In the end, the city received over $14 million from the state to get the project off the ground. “The department heads, along with the mayor, were able to craft this elegant solution to meet multiple needs at once,” said Logan.
Ignacio De La Fuente
The former councilmember believes the city needs a strong police presence to enforce the law, including for traffic violations.
“It’s not only the potholes,” he told The Oaklandside. “One of the challenges we see every single day is that people don’t respect the traffic laws, period. Especially not in Oakland, where a red light doesn’t mean anything anymore. We are not enforcing any rules on the roads, which is why it’s getting worse and worse…These things have become normal.”
He has also supported policies meant to prevent and deter hazardous driving. In 2011, he advocated for a curfew to restrict anyone under the age of 20 from driving between 11 p.m. and 5 a.m. without a parent or another adult, for one year after receiving their license. The curfew was mainly aimed at reducing gun violence, but it ran up against opposition and was ultimately not approved.
That same year, De La Fuente was pulled over for speeding by CHP officers on I-880. He failed a field sobriety test and was arrested, but the district attorney did not file charges.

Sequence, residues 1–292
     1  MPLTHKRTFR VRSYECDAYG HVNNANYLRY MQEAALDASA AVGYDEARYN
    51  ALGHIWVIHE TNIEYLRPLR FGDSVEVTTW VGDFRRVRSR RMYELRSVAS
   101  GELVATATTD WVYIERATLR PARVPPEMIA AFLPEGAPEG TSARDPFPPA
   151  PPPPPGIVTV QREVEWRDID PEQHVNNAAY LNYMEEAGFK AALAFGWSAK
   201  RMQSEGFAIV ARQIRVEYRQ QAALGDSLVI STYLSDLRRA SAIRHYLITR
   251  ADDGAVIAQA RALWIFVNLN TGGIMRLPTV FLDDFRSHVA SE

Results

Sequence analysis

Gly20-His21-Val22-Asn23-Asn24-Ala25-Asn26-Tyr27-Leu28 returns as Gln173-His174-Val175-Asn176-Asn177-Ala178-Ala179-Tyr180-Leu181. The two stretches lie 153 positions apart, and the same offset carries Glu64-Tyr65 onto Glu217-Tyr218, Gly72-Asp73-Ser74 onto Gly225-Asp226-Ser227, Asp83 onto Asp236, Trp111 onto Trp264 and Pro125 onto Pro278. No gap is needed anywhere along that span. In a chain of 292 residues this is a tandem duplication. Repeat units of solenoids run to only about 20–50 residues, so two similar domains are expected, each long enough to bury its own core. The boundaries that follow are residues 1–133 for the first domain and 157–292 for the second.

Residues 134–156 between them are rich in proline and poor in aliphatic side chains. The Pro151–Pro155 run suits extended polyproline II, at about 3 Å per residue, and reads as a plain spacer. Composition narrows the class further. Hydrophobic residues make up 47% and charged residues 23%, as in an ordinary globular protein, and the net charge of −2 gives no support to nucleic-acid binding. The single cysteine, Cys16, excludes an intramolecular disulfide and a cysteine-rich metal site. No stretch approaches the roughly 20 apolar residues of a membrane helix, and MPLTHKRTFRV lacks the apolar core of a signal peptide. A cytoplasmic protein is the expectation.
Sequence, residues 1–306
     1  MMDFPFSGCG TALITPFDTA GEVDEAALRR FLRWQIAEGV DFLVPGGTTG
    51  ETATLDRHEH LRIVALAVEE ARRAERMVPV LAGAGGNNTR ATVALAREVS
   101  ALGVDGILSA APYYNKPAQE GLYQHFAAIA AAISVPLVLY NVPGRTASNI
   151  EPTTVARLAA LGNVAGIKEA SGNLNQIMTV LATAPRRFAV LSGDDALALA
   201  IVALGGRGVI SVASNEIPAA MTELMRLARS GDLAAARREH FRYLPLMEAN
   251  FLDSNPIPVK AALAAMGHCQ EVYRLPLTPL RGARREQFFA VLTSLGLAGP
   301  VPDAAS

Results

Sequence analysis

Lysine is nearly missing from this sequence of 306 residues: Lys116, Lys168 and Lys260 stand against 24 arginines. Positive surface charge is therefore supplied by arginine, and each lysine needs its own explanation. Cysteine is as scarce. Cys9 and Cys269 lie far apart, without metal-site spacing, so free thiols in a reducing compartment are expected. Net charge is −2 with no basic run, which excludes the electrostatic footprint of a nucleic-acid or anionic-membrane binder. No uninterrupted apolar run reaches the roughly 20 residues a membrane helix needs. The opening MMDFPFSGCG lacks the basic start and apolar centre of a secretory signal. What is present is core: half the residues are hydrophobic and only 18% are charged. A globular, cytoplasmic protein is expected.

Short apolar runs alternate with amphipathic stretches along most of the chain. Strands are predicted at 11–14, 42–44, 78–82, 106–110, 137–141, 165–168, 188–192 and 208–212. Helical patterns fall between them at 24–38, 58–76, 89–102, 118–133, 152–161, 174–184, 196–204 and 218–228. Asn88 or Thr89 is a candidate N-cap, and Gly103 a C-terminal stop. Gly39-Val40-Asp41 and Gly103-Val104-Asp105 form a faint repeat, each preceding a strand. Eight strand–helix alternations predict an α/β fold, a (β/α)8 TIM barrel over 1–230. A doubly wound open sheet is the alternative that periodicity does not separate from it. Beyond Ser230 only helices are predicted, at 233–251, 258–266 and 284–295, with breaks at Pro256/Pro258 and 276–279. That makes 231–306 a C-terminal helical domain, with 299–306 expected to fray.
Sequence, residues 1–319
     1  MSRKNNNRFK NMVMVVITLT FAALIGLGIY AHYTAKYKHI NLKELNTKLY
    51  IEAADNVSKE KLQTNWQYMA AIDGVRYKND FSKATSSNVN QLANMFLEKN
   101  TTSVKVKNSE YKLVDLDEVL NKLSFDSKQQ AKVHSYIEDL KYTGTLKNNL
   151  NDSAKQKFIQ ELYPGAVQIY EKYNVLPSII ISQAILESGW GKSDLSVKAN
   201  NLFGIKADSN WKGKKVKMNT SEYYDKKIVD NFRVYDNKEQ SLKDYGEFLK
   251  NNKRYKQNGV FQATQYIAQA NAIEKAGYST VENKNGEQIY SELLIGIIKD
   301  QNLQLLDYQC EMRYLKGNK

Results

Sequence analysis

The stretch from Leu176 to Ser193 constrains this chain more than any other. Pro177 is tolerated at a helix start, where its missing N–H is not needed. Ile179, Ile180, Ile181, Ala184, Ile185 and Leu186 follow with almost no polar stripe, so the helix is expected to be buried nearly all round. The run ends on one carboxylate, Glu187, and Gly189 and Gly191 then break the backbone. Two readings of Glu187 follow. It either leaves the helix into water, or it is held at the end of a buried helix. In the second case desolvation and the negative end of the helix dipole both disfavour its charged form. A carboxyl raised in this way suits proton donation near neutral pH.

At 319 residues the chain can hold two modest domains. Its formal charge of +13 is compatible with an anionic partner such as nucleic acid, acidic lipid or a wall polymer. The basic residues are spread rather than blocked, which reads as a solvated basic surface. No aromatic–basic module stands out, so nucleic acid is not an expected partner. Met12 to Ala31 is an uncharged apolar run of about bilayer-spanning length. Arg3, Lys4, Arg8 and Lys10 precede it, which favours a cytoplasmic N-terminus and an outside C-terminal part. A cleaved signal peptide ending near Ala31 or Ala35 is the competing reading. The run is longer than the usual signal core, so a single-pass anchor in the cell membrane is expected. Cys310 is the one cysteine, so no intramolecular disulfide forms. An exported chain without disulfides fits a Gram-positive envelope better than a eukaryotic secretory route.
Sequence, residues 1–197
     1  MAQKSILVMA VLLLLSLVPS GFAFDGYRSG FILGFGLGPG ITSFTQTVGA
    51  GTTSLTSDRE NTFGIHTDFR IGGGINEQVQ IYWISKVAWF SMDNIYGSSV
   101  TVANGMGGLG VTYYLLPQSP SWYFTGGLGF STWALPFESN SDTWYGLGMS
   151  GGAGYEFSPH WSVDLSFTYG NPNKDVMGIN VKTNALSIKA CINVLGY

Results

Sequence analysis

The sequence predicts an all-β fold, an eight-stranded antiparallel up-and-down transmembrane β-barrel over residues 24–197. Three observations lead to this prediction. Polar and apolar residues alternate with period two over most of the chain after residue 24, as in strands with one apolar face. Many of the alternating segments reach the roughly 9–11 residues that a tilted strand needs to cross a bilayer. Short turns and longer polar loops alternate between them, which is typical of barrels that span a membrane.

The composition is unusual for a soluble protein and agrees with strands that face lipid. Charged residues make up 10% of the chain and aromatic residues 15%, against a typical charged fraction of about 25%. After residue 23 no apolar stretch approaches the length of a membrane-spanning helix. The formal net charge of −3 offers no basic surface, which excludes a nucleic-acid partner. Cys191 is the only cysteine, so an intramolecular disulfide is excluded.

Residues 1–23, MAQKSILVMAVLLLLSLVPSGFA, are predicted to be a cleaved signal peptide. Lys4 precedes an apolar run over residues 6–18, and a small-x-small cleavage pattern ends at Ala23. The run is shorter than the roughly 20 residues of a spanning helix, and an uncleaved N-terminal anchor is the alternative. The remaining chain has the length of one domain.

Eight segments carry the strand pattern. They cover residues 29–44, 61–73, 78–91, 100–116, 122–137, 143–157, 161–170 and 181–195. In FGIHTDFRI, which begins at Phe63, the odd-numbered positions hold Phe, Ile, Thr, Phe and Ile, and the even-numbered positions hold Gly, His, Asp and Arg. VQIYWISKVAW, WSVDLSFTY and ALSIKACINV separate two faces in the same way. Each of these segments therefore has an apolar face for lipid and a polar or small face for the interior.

In 2005, De La Fuente worked with then-councilmember Jean Quan on a $15 million plan to calm traffic with improved crosswalks, sidewalks, and signs at the intersections of Foothill Boulevard and Fruitvale Avenue, and International Boulevard and Fruitvale Avenue.
“I think it’s going to be an incredible improvement for mothers who take their children to school and for seniors who have to cross the streets,” De La Fuente said at the time. De La Fuente also rode on a bike with Quan to celebrate new bike lanes approved by the Public Works Committee near E. 12th Street.
In 2001, according to local bike advocates at Bike East Bay, councilmembers De La Fuente and Larry Reid turned down an opportunity to build a seven-mile bikeway along parts of Foothill Boulevard and Bancroft Avenue from Lake Merritt to San Leandro. The project would later be reassessed by a regional planning consultant, and it is now in the process of being completed over the next decade.
De La Fuente was on the City Council when it approved the Bus Rapid Transit line through East Oakland. At the time, there was concern that removing parking to create the bus-dedicated lane would harm small businesses. De La Fuente argued at a July 2012 meeting that the completed BRT line would help provide the Fruitvale district with an “economic infusion.” Today, some residents say the project has made International Boulevard more dangerous and needs to be reassessed.
A former OUSD board member, Hodge has worked with several Oakland-based organizations that deal with the plight of people living near dangerous streets, particularly children around schools. As the executive director at Safe Passages, a community nonprofit working with families experiencing poverty, he worked with local leaders to develop programs around traffic calming and implemented protection strategies such as “walking buses”—groups of parents and students who walk together to school to make themselves more visible to drivers.